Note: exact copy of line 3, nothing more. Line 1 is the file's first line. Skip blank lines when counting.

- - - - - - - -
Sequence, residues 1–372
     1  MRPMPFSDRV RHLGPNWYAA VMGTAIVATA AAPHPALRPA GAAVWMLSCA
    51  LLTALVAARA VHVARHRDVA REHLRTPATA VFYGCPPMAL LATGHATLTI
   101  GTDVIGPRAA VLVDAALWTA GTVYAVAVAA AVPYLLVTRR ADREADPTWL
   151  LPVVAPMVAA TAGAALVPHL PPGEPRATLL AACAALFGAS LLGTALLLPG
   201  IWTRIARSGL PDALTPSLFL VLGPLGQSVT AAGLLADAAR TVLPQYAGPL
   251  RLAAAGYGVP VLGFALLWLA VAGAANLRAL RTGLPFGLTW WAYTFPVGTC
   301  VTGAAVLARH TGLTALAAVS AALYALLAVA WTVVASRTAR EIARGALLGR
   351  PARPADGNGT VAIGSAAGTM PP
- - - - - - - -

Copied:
    51  LLTALVAARA VHVARHRDVA REHLRTPATA VFYGCPPMAL LATGHATLTI